cock not to go out, assuring him that he
could be granted the privilege of bring
ing up his amendment without taking
such a drastic course. Senator Hitch
cock declared, however, that" there was
no other course open and left the room
while the excitement was at its height.
'" Trt.-ntv-Three to Eighteen.
The .vote on the amondment was 23 to 18.
.thestnatorssupportlng It being Ashhurst,
M,tcncocK' "". Kern. Lea, Martlne.
Myers, Newlands. 0"Gorman. Pomirni.
.Robinson, Saulsbury, Sheppard, Shields
and Vardams-n. All tho members of the
finance committee voted agalnsX the
After the excitement had calmed state
ments were Issued by Senators Simmons,
chairman of the finance committee, who
opposed the amendment, and Kern, chair
man of the caucus, who supported. Sen
ator Simmons sala:
"The caucus declined to adopt the so
called Hitchcock amendment to the tariff
bill principally because it did not con
sider It wise to attempt In a tariff meas-'
ure to deal with tho trust evil. It was'
felt that the trust question should be
dealt with as a separate one as soon an
It could ..be. reached, and only after sudh
thorough and mature consideration as
the great Importance of the subject re
quired." Would llrlny Flnnl Action.
"Moreover, such consideration could not
now be given to It by the finance com
mittee, the caucus and the congress with
out unduly delaying final action upon
the tariff bill and. disappointing tbi pub
lic desire for Its party sentiment"
"Tho vote on Senator Hitchcock's
amendment," said Senator Kern, "has no
significance as Indicating any sympathy
with the tobacco trst or any other; monop
oly or any member of any conference. On
the contrary there was an unanimous
sentiment In favor of drastic legislation
on that subject.
"Nearly all whom oppose th? resolution
based their action upon the theory that
the tariff bill should not be oladed down
with general legislation anjl especially
with legislation directed against one trust
and affecting none of the others.
"Al agreed that every, democratic plat
form pledge on the subject Of trusts and
monopolies should be faithfully carried
out by legislation carefully drawn for
NEW YORK. July t "Gem Import
record broken." is an Announcment made
monthly since the first of the' year at tho
United States appraiser's offices. The
total for June reads $5,102,917, nearly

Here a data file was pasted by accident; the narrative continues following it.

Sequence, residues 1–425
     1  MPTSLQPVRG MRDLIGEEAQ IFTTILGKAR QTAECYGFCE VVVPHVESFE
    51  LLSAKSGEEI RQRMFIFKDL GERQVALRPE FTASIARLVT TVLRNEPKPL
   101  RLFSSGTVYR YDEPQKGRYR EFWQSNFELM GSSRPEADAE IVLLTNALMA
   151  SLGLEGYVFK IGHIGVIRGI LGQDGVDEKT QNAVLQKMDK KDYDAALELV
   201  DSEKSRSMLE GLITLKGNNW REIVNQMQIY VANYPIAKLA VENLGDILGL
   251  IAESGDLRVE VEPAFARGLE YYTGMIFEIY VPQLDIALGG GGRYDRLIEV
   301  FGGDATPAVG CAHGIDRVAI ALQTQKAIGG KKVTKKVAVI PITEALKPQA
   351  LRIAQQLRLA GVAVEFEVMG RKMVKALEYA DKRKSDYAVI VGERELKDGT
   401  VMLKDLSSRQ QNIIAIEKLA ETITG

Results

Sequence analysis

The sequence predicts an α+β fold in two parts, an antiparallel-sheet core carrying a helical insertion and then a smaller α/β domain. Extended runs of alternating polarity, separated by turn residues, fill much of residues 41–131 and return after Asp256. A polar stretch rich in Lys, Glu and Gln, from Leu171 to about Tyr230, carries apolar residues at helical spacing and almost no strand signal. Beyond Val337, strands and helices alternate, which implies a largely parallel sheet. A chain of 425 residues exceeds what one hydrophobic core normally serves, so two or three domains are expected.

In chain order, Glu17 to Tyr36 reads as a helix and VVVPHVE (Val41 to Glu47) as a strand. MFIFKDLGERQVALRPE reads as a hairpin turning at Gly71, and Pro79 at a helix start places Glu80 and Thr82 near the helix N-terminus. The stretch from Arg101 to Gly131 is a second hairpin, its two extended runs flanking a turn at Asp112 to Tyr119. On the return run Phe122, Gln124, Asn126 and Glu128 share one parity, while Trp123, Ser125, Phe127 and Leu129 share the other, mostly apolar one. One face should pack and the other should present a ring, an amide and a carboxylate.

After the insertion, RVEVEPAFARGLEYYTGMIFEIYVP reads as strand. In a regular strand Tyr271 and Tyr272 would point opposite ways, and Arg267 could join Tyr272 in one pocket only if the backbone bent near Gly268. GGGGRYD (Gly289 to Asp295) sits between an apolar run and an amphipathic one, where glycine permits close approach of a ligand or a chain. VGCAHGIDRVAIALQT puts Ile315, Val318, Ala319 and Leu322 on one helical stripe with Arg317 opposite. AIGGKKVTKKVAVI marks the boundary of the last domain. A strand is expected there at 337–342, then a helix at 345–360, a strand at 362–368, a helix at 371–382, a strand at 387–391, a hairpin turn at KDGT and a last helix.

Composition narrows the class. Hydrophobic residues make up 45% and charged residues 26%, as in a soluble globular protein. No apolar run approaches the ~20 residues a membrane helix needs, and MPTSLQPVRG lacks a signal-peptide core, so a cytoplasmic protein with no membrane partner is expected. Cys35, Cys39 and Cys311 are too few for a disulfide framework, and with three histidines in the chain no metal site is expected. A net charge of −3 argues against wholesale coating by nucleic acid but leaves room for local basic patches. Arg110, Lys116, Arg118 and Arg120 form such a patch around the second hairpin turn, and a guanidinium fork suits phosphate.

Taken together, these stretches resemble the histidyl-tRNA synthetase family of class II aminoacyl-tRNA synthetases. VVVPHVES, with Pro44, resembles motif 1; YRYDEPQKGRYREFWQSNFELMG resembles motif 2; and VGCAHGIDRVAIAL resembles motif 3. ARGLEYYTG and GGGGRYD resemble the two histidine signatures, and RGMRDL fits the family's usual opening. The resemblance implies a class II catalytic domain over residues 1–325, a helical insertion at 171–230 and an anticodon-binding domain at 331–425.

$2,000,000 Qf which sunt Is represented by
uncut gerrie, mostly "diamonds. It Is pre
dicted In the Jewelry trade that the total
value- of the gerrl Imports for the flscai
year will excecdii'$io.000,000. The large
figures are due to the fear of Importers
of an advance n duty under the now
Gulf Stream is
BOSTON. Juty r. Th gulf stream la
evidently speeding up. Captain BJonnes
of the frut,steamer Soussua, which has
Juit reached here from Costa Rica a
day ahead (it time, declares that the fast
voyage was due to the unusually swift
current in the gulf stream. He said the
steamer wa carried along so rapidly that
the engines were slowed doWn to half
speed. Even after that the vessel logged
off the miles at auch a fast rate that they
Arrived twenty-four hours ahead r !,.
Drawn fojr The Bee by Powell.
QUARTERMILLION FOR GIRL
British Marquis Pays Aotress Big
Sum lor Breach of Promise.
SETTLEMENT WITHOUT TRIAL
Court Room Cron-deil with - Fash
ionable Women, Who Unit An
flclpntc(l Some Interest
LONDON, July 2. Two hundred and
fifty thousand dollars and all the costs
of the suit Ih the price the m&rquls of
Northampton has agreed, to pay to settle'
iiio oun tor ureavn ui jiroini? ureugm
against him by tho actress. Miss Daisy
Markhani, -whoso- real 'name 'U- Miss
Vlojjtt Moss,., .Tho' costs will amount to
a considerable sum, on account of the
number of distinguished counsel engaged.
The 'imarqula, better 'lihown as Karl
Cohipton, only recently succeeded to the
title, at the age of 27.
rhe plaintiff U well known In America
abd'the British Isles under her stago
JThe settlement was announced when the
ease waa called In the hleh court at
justice this morning In n court room
crowded with, fashionable women awf
HGirenicB wnu una come in anticipation
listening to Interesting evidence.
LrtTrycro Make Settlement.
Sir Edward Carson, a former solicitor
general and Edward O, Hemmerde, re
corder of Liverpool and member of Par
liament with two Junior barristers ap
peared on behalf of Miss Markham, who
sued In her real name of Miss Moss. On
the other side for the marquis -were Henry
is. Duue, a unionist member of Parlia
ment; Frederick E. smith, one of tho
Unionist leaders, and Raymond AoqultTi,
son of the premier.
The engagement of all this legal talent
makes the cost of the suit amount to
tens of thousands of dollars:
The young marquis had previously of
fered $50,000 to settle the case and niany
people had thought Miss Markham unwise
not to accept tho offer.
When Miss Markham Insisted on pro
ceeding with the suit, London gossips
anticipated-that she had a sensational
story to tell and Interest In the suit arose
The damages paid today are the heavl
est for many years in a breach of promise
Aa soon as the preliminaries had been
completed Sir Edward Carson Informed
tho court that a settlement had been
reached after consultation between coun
sel on both sides.
Assistant to McNab'
SAN FRANQISCO. Cal.. July 2.-Ben-Jamtn
L. McKlnley. acting United States
attorney here pending senatorial con
firmation of President Wilson's nomina
tion of Thomas E. Hayden to succeed
John L. McNab, resigned, followed the
action of his chief today by tendering his
resignation. He. gave as motlvo a desire
to return to private practice.
Mr. McKlnley Is a republican and a
cousin of tho late President McKlnley.
His resignation makes the third change
In the staff of tho Department of Justice
here since McNab telegraphed to Presi
dent Wilson that he could not, retain
his position with self-respect, In view of
the attitude of the department toward the
Dlggs-Camlnettl cases and the alleged
Western Fuel frauds, -which await trlaj.